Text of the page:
In case you ever thought that making profitable franchises in this day and age is a piece of cake, think again. You may be one of the most experienced media powerhouses in the world, producing content for a broad spectrum from video games to movies, and yet you can still fumble around with safe bets.
But what do I know, maybe franchising is hard.
Which brings us to Venom, the latest attempt by Big Movie to procure a steady income stream. Its got no heart. It lacks sincerity. And it is over before it starts. To be clear, I’m not miffed about the cut footage. The slightly-less-than-two-hours runtime is enough to accomplish plenty. With the right direction, script-tightening and rewriting, the end result could’ve worked wonders.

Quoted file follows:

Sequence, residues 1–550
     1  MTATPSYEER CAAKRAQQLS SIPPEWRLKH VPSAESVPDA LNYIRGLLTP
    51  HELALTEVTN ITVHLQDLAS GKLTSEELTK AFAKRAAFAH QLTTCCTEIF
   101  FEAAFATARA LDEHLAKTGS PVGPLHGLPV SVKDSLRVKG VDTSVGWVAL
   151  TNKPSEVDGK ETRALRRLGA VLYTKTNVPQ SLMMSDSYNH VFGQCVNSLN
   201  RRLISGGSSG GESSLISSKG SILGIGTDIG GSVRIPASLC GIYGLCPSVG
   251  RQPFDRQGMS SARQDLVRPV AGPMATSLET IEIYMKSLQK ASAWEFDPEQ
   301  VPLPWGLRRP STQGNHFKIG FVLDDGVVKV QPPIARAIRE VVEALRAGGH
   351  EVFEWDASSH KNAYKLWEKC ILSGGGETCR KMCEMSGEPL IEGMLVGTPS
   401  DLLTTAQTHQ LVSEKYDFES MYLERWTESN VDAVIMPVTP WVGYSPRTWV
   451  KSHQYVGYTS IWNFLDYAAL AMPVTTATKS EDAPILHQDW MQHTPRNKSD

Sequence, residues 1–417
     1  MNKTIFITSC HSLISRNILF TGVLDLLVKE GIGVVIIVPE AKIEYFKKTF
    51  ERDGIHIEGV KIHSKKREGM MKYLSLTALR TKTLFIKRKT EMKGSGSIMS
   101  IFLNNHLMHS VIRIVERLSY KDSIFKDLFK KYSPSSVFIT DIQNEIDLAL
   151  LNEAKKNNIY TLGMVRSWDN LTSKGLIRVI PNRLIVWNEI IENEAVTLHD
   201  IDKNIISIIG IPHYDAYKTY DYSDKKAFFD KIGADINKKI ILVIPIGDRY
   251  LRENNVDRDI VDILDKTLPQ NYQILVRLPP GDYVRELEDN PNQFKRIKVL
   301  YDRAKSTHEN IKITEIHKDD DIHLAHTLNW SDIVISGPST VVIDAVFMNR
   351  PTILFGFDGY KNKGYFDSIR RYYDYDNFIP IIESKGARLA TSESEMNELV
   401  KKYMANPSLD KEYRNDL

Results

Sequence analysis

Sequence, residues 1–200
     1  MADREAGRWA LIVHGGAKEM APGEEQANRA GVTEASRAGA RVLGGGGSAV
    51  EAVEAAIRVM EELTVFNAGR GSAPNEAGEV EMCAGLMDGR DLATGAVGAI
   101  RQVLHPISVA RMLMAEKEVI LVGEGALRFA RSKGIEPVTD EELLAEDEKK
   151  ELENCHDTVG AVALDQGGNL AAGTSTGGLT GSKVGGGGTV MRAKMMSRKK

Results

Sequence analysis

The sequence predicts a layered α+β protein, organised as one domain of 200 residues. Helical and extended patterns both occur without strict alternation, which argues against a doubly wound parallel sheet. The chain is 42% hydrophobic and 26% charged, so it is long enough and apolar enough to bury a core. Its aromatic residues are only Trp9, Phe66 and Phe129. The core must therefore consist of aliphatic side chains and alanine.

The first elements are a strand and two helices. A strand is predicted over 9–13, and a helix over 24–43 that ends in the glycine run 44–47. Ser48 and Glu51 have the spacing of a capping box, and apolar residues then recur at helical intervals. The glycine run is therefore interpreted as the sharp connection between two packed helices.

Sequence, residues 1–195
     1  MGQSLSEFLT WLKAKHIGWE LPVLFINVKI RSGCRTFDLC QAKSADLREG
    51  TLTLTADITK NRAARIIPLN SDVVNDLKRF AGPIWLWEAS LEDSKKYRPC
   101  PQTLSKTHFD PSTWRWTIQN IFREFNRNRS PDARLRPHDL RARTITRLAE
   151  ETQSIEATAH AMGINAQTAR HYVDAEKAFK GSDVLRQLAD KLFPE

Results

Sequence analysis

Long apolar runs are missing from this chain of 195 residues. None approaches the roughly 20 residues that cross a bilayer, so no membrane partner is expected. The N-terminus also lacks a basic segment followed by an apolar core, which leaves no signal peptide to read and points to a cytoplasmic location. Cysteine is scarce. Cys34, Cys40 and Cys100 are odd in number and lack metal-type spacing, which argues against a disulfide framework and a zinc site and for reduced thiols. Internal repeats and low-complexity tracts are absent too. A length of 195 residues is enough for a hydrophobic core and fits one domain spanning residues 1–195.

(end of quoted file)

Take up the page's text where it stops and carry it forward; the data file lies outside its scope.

Which is frustrating because it’s not all disastrous, some redeeming qualities exist to prevent the utter trainwreck it was poised to be. Tom Hardy is so good with the twitchy and jumpy mannerisms that he makes you forget about the menacing masked boulder part he played in another franchise ages ago. Venom – the extraterrestrial CGI playdough has a personality that surpasses the rest of the one-dimensional cast. The disservice done to the other accomplished members is criminal. Michelle Williams is reduced to the disinteresting love interest. Riz Ahmed is an evil and campy Musk.
You’re better off watching individual action clips on the interwebs rather than look at the big picture. Venom is a movie which manages to please in parts and only at the surface level. There’s nothing beneath.